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GrooN

What’s wrong with Template Engines?

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Recently I’ve noticed that wherever you go, whatever project you take a look at, 50% of them don’t take the path between PHP and HTML serious. They embed PHP directly in their HTML code.

 

Back when PHP was a little squishy language, it was merely considered a kind of template engine, and it was common practice to combine PHP and HTML in a single file. Now PHP has developed to a powerful scripting language, and it is now capable of performing even difficult computations with decent performance. This development of PHP results in more complex algorithms and thereby more code, and mixing this with HTML can produce a whole bunch of spaghetti code, and it is therefore considered bad practice. Because of this it is more usual to use what is known as template engines, whose goal is to make the transformation from PHP to HTML as smooth as possible.

 

The basic principle is to make an even simpler scripting language (than PHP) to mix with the HTML, and thereby increase the readability, and also give designers who do not know of PHP a chance to design with as much ease as possible.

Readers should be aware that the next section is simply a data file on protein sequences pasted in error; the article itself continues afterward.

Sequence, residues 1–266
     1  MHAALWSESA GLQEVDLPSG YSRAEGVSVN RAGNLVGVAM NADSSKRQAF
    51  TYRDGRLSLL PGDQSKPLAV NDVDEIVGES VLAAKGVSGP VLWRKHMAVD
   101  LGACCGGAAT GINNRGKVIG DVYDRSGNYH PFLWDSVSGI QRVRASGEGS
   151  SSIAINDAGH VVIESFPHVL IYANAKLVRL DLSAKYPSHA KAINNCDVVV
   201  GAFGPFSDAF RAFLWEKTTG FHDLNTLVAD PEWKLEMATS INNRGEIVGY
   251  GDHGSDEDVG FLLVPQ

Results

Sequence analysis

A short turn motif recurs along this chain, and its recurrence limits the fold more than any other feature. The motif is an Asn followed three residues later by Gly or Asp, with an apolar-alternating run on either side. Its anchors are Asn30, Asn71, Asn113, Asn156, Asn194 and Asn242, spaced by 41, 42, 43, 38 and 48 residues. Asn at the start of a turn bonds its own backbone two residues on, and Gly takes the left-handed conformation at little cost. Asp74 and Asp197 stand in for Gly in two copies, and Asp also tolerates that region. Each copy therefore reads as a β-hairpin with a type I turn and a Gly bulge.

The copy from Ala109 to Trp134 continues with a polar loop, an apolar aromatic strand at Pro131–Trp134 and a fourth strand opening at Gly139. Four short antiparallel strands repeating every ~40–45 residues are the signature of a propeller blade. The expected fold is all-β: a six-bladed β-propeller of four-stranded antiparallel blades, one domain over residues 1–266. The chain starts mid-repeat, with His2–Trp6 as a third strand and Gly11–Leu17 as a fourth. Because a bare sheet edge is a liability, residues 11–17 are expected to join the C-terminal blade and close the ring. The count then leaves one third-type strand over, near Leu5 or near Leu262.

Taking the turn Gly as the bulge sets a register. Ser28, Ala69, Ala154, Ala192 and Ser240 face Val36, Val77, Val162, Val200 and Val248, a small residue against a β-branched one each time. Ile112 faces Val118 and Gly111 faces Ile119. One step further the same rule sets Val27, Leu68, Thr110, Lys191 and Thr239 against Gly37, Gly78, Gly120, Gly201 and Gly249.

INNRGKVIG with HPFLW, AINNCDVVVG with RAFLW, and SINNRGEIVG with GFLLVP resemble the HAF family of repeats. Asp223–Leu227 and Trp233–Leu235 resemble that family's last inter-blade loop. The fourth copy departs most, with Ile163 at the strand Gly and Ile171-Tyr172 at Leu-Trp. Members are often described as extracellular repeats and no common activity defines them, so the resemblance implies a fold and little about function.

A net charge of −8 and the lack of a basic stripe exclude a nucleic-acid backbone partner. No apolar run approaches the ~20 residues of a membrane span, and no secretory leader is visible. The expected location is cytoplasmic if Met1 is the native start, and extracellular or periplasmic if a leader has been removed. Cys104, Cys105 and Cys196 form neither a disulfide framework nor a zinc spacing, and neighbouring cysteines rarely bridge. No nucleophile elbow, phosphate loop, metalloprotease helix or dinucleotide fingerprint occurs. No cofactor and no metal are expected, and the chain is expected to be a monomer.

Out on the template engine market, there are so many tasty engines to choose between (such as Smarty, PHPTAL, Rain TPL, XTemplate etc.). And even with a so big market, I still see serious projects which do not harvest the power this gives, why is this, can’t people get on? – are they stuck in the good old days?

 

TLDR; why doesn’t people use template engines?

 

(And... If you've understood the importance of Template Engines, which is your favorite?)

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There are ways of separating your business logic from your markup that don't involve the overhead of a template engine. The mvc pattern comes to mind.

 

Why throw some other syntax variant into the mix when you can achieve the same results using a little PHP?

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True there is definitely a performance barrier, but using the PHP inside the HTML can easily become unmanageable. I see your argument with the MVC pattern, adjusting the variables in the controller before sending them to the viewer. But still the benefit of a simpler formatting gotta kill the performance issue.

Anyway it would be acceptable on a smaller project, but I just can't help seeing the pros overcoming the cons in projects of larger scale.

 

What is your personal preference Thorpe?

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My preference is to not introduce some other syntax for no real benefit. If your designers need to learn some template engine syntax why not have them learn some basic PHP? You generally don't need more than simple loops and conditionals.

 

At my work we have massive scale applications and no issue with mixing minimal PHP and markup. It's easier and quicker. I really just don't see the point in adding another layer.

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Interesting, I just wanted to see what opinions people had and so far I've got one, so I am very satisfied.